Data Validation (DVL) Class
We define Data Validation Bugs (DVL) as follows:
Data are validated (syntax check) or sanitized (escape, filter, repair) improperly.
Fig. 1 depicts DVL causes, attributes and consequences.
Data Validation Bugs (DVL) Class
- click on image for detailed view.
The DVL operations are: Validate and Sanitize. They reflect the improper check and modification of data syntax.
||Check data syntax (proper form/grammar) in order to accept (and possibly sanitize) or reject it. Includes checking for missing symbols/elements.
||Modify data (neutralize/escape, filter/remove, repair/add symbols) in order to make it valid (well-formed).
The graph of causes shows that there are three main causes for data validation bugs: Improper Operation,
Improper Data, and Improper Policy.
||The operation is absent.
||Missing data sanitization.
||There is a bug in the implementation of the operation (incl. how it checks against a policy).
- Using not equal to (!=) when
comparing to safelist values.
- Using greater than (>) when
checking for upper range.
||Accepts bad data.
- Permissive safelist or regular
- Incomplete denylist.
||Rejects good data.
||Over-restrictive denylist or regular expression.
||Unintentionally modified data due to a previous weakness (e.g., with a decompress or a decrypt operation) that if not sanitized would end-up as invalid data for next weakness.
||Maliciously modified data due to a previous weakness (e.g., with a deserialize, authorize, or crypto verify operation) that would lead to injection error.
||Unintentionally modified policy due to a previous weakness (e.g., with a decompress operation).
||Maliciously modified policy due to a previous weakness (e.g., with an authorize operation).
The graph of consequences shows Improper Data for Next Operation and Injection Error as consequences.
|Improper Data for Next Operation
||Data with harmed syntax due to sanitization errors.
||Malicious insertion of condition parts (e.g., or 1==1) or entire commands (e.g., drop table) into an input used to construct a database query.
- SQL Injection
- No SQL Injection
- XPath Injection
- XQuery Injection
- LDAP Injection
||Malicious insertion of new commands into the input to a command that is sent to an operating system (OS) or to a server.
- OS Command Injection
- Regular Expression Injection
- IMAP/SMTP Command Injection
- Object Injection (JSON server side)
|Source Code Injection
||Malicious insertion of new code (incl. with <> elements) into input used as part of an executing application code.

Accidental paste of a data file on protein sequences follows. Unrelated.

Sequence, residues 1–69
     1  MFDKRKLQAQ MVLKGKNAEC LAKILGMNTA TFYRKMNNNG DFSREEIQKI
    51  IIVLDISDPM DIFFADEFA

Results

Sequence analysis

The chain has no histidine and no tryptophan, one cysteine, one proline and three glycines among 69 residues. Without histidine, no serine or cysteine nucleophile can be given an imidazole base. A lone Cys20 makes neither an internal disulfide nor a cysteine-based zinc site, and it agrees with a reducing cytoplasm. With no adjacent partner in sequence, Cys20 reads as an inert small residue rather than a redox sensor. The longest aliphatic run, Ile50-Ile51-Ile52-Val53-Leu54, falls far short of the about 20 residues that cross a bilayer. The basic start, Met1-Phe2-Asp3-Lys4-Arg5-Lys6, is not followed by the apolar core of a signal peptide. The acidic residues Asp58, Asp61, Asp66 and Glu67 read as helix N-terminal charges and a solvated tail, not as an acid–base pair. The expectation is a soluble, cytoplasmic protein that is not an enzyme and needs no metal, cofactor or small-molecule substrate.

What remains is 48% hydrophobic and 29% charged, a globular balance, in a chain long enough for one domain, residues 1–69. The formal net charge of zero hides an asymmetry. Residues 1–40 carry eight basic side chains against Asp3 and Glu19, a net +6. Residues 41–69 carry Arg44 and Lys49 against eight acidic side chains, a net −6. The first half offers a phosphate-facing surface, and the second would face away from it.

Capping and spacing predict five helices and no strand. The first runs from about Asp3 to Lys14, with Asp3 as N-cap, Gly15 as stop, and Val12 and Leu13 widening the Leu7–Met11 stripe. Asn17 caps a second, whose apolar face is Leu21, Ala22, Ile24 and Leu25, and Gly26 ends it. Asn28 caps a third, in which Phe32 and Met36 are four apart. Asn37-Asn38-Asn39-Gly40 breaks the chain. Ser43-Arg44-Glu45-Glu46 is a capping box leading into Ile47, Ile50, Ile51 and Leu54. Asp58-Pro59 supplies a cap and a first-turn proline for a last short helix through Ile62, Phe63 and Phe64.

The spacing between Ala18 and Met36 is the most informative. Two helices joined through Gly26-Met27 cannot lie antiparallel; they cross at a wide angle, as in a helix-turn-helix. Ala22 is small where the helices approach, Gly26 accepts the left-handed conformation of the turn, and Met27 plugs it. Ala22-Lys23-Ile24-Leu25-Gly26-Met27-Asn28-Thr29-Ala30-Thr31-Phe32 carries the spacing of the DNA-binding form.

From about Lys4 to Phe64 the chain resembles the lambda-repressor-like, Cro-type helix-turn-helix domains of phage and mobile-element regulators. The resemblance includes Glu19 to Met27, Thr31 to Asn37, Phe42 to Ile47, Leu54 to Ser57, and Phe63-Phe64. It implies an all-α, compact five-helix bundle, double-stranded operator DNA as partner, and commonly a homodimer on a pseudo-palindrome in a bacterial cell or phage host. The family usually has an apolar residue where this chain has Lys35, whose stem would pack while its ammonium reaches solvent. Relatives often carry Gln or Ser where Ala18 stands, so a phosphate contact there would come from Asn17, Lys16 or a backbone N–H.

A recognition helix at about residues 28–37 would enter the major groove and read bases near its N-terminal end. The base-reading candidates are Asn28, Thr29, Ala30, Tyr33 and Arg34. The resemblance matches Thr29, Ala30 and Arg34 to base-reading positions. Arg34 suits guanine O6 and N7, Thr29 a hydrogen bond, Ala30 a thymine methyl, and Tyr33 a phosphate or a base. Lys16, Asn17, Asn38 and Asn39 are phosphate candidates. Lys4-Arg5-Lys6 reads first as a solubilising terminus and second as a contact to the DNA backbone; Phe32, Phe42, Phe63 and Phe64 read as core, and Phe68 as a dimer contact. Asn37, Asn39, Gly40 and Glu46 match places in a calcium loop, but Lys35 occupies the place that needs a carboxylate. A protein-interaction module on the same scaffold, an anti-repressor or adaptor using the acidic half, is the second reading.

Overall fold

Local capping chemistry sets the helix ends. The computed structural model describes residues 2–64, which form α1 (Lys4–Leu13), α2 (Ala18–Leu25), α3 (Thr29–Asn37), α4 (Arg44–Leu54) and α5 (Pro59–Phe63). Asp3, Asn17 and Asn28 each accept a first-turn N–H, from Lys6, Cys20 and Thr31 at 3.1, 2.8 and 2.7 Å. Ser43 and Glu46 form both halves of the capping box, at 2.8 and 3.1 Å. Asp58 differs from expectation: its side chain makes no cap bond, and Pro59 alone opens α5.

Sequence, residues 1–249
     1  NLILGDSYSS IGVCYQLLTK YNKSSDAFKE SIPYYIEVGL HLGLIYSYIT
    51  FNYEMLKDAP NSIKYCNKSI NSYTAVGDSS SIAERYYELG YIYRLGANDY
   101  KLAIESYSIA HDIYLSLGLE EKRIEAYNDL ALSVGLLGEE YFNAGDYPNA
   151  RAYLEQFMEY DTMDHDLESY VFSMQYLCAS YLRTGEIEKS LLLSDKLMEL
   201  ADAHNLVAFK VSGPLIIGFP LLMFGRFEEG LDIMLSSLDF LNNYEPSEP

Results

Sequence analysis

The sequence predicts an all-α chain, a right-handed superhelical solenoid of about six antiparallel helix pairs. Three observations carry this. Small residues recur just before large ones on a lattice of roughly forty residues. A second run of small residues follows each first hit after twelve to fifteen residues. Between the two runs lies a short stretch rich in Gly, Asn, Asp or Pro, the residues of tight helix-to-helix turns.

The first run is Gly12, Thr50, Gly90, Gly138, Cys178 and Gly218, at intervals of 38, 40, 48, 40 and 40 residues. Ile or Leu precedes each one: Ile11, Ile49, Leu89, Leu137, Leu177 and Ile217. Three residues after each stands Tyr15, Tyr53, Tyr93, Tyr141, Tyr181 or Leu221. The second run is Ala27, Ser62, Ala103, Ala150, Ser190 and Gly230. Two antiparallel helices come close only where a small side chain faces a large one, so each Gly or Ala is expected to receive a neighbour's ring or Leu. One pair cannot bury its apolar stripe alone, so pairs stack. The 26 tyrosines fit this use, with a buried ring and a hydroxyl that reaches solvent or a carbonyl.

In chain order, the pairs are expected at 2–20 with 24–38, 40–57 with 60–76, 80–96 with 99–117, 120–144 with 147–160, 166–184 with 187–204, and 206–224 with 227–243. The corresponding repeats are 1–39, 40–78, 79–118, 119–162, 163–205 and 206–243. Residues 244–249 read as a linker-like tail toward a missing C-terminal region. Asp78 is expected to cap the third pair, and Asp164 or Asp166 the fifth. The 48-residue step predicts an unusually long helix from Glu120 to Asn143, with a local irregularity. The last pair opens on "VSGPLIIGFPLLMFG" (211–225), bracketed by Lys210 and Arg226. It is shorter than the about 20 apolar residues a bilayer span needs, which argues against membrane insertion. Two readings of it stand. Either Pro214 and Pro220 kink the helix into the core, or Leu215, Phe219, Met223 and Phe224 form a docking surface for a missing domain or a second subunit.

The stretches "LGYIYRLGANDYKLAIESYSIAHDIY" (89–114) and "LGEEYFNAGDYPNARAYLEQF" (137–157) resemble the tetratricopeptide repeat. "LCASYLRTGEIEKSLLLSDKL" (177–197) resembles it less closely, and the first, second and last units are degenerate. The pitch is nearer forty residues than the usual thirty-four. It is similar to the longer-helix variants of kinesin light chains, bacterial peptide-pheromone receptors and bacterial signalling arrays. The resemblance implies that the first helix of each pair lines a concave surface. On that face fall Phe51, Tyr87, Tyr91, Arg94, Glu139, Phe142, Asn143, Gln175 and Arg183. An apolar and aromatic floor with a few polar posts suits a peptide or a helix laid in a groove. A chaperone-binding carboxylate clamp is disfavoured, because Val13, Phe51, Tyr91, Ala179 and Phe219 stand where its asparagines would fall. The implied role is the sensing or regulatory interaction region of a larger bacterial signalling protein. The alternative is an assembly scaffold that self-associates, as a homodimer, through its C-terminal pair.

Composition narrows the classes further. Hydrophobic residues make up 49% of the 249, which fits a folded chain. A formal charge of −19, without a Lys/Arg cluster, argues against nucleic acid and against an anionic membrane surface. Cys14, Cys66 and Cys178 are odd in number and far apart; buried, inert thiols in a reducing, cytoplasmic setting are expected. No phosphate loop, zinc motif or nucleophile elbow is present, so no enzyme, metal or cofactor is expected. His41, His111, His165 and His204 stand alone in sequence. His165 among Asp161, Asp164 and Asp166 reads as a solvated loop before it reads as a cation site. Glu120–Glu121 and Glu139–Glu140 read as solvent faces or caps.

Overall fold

- Cross Site Scripting (XSS)
- CSS Injection
- Eval Injection
- EL Injection
- JSON Injection (Client or Server Side)
||Malicious insertion of data (e.g., with & parameter separator) into input used as parameter/argument in other parts of code.
- Argument Injection
- Format String Injection
- Email Injection
- HTTP Header Injection (incl.
Server Header Injection)
- Reflection Injection
- Flash Injection
- CRLF Injection (incl. HTTP
||Malicious insertion of data (e.g., with .. and / or with file entries) into input used to access/modify files or as file content.
- CSV, Temp, etc. File Injection
- Log Entry Injection
- XML Injection
- CRLF Injection (incl. in as in
log entry files)
- Relative Path Traversal
- Absolute Path Traversal
The attributes of DVL are:
||Policy based on a set of known good content.
||Policy based on a set of known bad content; helps reject outright maliciously malformed data.
||Policy based on syntax format (e.g., defined via regular expression).
||Policy based on allowed number of characters in data. Note that this is not about the data value as size of an object.
||The operation is in programmer’s code – in the application itself.
||The operation is in a third party library.
||The operation is in the standard library for a particular programming language.
||The operation is in the tool that allows execution or creates executable (compiler, assembler,
||The bugged code runs in an environment with access control policy with limited (local user) permission.
||The bugged code runs in an environment with access control policy with unlimited (admin user) permission.
||The bugged code runs in an environment with-out privilege control. Usually, the program is the only
software running and has total access to the hardware.
||Data comes from user interface (e.g., text field).
||Data comes from permanent storage (e.g., file, database on a storage device).
||Data comes from volatile storage (e.g., RAM, cache memory).
||Data comes via network (e.g., connecting analog device or another computer).
A site for input/output check bugs is any part of the code that should check and sanitize data syntax or check and correct data semantics.
Application examples are provided here.